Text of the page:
At that time I also seasoned my chicken for smoking. I just took a whole fryer and split it down the middle. I seasoned the bird with a rub made from salt, paprika, garlic powder, cayenne, red pepper flakes, dried thyme, dried oregano and brown sugar. After I seasoned the chicken I let it sit the refrigerator until it was time to smoke it. I did not season it the night before because given its smaller size, the chicken did not need all night for the flavor of the seasoning to really sink in. Add that to the limited space in my ice box and it was something that could wait until the day of.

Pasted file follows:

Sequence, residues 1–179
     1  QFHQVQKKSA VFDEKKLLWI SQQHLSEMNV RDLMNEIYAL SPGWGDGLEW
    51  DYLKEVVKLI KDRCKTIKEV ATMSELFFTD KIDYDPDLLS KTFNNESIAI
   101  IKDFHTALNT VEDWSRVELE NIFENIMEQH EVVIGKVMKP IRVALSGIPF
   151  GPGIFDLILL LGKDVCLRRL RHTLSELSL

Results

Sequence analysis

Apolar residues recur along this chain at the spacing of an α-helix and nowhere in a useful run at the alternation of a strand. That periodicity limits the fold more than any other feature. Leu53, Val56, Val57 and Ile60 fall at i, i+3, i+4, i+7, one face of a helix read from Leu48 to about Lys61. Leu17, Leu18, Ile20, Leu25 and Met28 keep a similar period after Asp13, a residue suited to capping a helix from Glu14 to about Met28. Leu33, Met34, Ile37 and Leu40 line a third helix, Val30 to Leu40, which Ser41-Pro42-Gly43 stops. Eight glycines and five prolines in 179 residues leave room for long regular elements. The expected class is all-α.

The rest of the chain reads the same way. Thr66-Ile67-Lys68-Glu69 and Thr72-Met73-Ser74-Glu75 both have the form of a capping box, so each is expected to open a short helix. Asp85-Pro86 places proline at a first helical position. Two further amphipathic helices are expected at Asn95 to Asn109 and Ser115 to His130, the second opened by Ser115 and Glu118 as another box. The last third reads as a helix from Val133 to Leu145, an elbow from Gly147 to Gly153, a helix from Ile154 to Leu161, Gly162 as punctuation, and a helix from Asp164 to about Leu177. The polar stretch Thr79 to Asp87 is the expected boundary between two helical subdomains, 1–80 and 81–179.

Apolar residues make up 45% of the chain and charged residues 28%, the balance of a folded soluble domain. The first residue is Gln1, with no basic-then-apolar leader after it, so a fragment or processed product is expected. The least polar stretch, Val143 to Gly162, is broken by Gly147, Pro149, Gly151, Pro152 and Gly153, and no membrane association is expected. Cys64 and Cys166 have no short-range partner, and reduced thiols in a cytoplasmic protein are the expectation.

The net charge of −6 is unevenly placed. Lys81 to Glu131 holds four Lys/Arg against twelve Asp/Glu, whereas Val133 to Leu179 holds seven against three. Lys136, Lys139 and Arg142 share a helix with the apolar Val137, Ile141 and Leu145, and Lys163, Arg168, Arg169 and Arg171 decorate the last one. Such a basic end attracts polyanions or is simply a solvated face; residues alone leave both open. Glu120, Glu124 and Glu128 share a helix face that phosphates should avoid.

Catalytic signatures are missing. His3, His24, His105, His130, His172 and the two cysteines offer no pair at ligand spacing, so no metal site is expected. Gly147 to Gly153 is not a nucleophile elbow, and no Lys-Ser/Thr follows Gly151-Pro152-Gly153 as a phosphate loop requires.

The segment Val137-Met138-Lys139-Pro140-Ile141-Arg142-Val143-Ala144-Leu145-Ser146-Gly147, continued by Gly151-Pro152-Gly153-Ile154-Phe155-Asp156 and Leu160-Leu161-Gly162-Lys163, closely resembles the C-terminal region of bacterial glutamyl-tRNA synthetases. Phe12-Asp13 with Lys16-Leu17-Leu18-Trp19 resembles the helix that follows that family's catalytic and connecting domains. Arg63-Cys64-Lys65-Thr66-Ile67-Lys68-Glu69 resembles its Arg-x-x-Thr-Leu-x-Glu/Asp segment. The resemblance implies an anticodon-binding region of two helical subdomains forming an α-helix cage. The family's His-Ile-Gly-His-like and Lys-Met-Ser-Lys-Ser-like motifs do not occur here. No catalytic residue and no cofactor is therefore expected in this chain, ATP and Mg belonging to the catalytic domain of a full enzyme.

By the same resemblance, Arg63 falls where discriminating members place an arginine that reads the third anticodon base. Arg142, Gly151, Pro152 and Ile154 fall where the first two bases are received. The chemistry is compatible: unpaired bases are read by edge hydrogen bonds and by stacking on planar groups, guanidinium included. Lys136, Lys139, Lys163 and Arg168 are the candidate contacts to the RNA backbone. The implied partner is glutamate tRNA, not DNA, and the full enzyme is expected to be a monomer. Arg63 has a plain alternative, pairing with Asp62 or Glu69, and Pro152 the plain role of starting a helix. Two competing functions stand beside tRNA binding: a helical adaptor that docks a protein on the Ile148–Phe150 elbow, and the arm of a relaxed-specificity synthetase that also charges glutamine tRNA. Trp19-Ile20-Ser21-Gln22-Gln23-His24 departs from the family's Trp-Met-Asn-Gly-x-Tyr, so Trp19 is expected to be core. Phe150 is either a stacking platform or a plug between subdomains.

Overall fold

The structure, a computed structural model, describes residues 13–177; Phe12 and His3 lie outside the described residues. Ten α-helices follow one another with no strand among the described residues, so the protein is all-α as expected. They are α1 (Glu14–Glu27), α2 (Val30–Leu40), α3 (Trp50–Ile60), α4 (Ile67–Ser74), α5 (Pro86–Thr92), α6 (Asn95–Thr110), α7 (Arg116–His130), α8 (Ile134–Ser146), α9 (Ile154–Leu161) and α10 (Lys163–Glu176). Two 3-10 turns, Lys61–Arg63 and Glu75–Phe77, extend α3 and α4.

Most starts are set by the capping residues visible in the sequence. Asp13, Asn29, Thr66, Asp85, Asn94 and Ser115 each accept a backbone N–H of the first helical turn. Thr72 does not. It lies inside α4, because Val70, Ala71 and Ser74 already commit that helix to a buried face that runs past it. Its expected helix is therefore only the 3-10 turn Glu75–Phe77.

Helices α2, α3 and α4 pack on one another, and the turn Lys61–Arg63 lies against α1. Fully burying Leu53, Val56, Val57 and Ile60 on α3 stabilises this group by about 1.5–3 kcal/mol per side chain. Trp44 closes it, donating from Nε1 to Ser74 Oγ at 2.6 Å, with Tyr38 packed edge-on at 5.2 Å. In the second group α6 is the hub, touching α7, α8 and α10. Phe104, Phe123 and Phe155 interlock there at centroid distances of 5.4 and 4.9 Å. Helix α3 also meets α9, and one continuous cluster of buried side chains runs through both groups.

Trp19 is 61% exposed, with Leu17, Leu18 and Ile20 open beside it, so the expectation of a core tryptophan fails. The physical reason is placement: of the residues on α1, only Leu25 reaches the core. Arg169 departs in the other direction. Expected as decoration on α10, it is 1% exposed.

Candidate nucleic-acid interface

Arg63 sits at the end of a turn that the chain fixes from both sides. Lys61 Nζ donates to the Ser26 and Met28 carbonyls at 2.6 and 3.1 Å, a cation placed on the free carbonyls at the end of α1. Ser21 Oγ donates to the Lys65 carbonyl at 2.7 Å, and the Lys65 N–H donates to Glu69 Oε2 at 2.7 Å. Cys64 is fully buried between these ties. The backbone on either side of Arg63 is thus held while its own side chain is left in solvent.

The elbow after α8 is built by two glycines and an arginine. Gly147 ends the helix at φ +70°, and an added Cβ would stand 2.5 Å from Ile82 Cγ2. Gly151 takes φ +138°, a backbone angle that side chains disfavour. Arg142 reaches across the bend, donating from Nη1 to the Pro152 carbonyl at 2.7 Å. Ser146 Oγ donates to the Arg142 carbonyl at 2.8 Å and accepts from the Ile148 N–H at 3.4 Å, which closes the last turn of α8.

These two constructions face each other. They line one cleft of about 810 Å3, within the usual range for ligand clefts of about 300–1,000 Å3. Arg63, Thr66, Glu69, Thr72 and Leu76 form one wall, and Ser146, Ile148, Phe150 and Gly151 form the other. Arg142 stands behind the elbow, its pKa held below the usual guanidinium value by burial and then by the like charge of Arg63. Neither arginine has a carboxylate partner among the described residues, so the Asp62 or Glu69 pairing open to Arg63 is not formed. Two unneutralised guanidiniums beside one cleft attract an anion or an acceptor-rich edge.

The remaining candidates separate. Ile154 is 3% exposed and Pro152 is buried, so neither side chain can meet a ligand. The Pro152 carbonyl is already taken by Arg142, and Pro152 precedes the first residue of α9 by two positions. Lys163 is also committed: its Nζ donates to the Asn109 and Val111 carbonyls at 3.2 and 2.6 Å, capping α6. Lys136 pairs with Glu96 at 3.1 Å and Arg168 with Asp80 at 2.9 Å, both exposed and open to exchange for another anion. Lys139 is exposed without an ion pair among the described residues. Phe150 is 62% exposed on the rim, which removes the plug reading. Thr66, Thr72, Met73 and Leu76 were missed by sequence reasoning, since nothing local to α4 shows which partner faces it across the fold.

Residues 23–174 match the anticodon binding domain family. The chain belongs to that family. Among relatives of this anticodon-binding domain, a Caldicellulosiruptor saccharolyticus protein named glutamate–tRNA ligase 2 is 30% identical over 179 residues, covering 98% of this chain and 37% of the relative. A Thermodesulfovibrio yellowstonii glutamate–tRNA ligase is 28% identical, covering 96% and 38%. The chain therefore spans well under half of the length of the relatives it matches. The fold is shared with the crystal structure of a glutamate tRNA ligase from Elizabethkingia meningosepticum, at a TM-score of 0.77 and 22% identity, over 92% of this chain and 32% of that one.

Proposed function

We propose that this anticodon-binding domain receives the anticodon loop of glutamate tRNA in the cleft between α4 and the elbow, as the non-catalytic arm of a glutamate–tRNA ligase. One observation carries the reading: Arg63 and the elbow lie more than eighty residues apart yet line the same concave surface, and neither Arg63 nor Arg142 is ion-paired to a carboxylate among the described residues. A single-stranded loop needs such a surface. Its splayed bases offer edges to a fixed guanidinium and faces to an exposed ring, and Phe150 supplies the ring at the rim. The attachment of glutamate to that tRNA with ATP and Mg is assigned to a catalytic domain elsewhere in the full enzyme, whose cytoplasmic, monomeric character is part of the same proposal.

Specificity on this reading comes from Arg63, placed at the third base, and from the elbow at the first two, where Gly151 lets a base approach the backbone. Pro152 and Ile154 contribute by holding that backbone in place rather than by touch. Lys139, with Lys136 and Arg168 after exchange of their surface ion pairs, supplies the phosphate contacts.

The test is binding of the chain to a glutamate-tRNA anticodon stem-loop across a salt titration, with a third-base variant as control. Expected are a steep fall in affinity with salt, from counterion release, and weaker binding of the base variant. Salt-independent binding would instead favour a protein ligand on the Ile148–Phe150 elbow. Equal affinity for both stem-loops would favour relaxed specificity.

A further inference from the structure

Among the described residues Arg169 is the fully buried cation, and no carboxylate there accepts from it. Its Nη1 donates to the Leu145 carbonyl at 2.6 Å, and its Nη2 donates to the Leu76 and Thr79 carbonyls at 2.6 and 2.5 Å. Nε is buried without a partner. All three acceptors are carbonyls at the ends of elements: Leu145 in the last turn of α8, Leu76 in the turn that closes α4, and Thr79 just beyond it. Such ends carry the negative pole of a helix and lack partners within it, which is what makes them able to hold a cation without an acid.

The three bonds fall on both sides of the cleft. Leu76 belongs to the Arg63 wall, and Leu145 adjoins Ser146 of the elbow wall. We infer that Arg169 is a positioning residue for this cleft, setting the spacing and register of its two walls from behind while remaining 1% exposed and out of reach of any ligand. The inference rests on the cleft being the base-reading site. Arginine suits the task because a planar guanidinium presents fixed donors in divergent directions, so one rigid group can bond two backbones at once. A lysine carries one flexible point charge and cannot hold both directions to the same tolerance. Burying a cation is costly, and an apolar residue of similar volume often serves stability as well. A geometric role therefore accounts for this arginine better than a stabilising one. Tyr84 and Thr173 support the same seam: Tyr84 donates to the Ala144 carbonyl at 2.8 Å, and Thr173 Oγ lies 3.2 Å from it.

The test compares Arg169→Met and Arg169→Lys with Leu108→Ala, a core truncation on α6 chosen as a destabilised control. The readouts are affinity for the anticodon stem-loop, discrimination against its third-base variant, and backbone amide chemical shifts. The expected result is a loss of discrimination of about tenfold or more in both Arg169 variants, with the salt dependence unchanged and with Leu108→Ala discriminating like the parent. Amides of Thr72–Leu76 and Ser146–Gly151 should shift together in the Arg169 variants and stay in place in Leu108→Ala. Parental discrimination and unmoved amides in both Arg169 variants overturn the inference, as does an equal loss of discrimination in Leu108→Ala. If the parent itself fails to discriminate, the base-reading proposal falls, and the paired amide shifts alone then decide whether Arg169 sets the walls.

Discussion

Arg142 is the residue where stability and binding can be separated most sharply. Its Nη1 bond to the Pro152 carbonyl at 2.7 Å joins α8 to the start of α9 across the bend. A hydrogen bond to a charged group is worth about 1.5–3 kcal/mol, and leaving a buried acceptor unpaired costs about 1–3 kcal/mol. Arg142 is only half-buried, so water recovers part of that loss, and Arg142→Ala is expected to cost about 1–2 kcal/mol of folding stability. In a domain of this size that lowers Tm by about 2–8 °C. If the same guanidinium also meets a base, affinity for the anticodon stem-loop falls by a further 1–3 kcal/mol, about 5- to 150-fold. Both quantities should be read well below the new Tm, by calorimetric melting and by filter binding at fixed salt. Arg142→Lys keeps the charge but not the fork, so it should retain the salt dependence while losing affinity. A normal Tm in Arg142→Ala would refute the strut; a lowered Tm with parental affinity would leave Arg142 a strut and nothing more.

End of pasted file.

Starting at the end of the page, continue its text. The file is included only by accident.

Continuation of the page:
Back to the brisket for a second. The brisket has been cooking all this time and I noticed that the temperature of the meat is rising steadily and a bit rapidly. In fact, it seemed that it was rising a little too rapidly. I was concerned that the meat would be done well before my guests arrived. Well, I had forgotten about the stall. You see when you are cooking brisket there comes a point, usually about 150 to 160 degrees, where the meat refuses to rise in temperature for hours on end. But why? There are many theories and explanations. But the one that makes the most sense, scientifically speaking, is that the stall is due to evaporative cooling. In other words, the same thing that happens to you when you are working out or doing yard work happens to a brisket. As moisture is released and evaporates, it prevents the brisket from rising in temperature.